New rendering testing

Alejandro Tejada capellan2000 at
Mon Oct 17 18:27:46 EDT 2011

Hi Joe and Jim,

Joe, many thanks for your kind words!
I always hope that my scripting experiments
would do more good than harm and at least
should be useful to show the Do's and Don'ts
on the specific topics that I worked with.

James Hurley wrote:
> [snip]
> Kevin and I discussed the possibility of implementing it as part of Run
> Rev.
> They were more interesting in education at the time.

Yes, I hope to see more Livecode and LOGO teaching
in the future. In LOGO, the teacher is fundamental to
produce extraordinary results. 
The greatest teaching ideas are widely celebrated and
quickly forgotten... almost like a ritual.
In my eyes, the longer I look into the Education field 
this become more and more paradoxical. Almost like a
Lewis Carroll tale, with the complete cast of characters.

I am sure that Livecode is a resounding sucess when used
to teach Introduction to Computer Programming.
At least for me, this computer language provided the
confidence to try many ideas that I would not even dare to. 
Yes, this computer language inspire confidence.
Does every computer language instill this 
in their users/developers?

Why Livecode teaching is not more extended, as expected, 
in the English speaking world? My best guess is that
everyone that look at Livecode, believe that it's a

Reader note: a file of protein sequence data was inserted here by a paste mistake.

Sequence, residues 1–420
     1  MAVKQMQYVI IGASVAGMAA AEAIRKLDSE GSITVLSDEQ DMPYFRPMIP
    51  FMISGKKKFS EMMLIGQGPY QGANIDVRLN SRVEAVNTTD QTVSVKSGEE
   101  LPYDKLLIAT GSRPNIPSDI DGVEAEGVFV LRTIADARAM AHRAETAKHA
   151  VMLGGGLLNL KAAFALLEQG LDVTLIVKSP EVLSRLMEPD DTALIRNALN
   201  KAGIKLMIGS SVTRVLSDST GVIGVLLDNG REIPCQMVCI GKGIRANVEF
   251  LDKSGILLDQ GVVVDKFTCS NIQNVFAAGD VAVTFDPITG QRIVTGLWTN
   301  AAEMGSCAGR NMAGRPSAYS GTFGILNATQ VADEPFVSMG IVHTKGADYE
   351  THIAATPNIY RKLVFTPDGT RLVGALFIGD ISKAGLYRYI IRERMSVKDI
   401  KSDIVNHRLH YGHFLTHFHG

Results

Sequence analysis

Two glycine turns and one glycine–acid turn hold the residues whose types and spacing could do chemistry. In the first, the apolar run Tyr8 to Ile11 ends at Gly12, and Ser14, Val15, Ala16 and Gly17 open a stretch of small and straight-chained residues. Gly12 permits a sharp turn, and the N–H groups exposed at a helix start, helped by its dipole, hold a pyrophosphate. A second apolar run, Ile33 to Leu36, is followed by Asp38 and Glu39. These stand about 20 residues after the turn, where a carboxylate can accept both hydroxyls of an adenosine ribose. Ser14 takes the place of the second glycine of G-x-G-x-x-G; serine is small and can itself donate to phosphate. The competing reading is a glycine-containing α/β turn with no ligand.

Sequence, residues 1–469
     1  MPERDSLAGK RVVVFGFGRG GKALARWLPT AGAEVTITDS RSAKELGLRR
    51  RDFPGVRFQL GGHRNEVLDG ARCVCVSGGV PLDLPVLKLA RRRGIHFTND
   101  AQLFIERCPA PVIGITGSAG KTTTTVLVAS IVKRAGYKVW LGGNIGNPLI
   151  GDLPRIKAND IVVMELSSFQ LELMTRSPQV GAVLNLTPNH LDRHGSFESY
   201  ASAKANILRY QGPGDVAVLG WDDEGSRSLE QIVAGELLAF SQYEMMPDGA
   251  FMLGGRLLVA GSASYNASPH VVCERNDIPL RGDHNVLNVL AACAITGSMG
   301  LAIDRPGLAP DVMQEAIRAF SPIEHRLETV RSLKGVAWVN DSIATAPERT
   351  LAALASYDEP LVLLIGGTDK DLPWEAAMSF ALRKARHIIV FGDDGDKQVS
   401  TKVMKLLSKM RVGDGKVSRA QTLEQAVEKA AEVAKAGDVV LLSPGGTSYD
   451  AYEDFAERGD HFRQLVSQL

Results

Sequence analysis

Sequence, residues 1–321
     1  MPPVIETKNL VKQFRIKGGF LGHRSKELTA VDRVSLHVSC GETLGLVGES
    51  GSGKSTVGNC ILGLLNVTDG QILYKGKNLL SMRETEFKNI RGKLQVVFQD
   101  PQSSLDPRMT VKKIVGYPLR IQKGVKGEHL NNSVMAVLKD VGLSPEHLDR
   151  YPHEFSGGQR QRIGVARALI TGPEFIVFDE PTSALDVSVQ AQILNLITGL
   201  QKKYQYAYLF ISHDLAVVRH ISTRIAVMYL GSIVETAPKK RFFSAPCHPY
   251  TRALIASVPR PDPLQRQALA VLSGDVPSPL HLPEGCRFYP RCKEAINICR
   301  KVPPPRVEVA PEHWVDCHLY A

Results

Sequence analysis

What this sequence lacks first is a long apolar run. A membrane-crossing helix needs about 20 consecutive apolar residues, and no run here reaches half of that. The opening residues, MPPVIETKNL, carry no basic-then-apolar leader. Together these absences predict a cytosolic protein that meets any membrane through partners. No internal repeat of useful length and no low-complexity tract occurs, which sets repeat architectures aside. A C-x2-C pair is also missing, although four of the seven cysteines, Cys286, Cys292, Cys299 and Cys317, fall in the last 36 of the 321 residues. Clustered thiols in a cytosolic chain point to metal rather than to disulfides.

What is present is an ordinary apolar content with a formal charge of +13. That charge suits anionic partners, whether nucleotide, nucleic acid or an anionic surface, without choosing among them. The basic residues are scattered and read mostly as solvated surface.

neat idea... and their next question is:
Is this endorsed, recommended and approved by the
powers that be in education???
This is exactly the moment where you understand
that more and more people in the education field 
are not, and do not pretend to be leaders, but followers...

Sad, but true...

James Hurley wrote:
> I'm not sure where that file you found came from, but it is not very
> readable.
> I have a clean version I will send you separately. Do not share it with
> others
> at this time. I have retitled (and did some rewriting of)  the Logo
> Physics book
> to "Programming for Science Students." I think that is the appropriate
> market
> --if one exists at all.

Received. Many Thanks! :-)

James Hurley wrote:
> [snip]
> Unfortunately I am out of touch with this market now and so have
> nothing for you about current applications, if any. Trouble is perception.
> It is perceived as a tool for children, a perception quickly dispelled in
> Turtle Geometry by Abelson and diSessa. The last chapter is titled:
> Curved Geometry and General Relativity. 

Interesting enough, in this page:
there is a surprising error:
Hal Abelson is Class of 1922 Professor of Computer Science and
Engineering at Massachusetts Institute of Technology

Class of 1922!!! Extraordinary, to say the least. :-)

By the way, your stack:
is the only game that I play with some frecuency.

Thanks again, Jim

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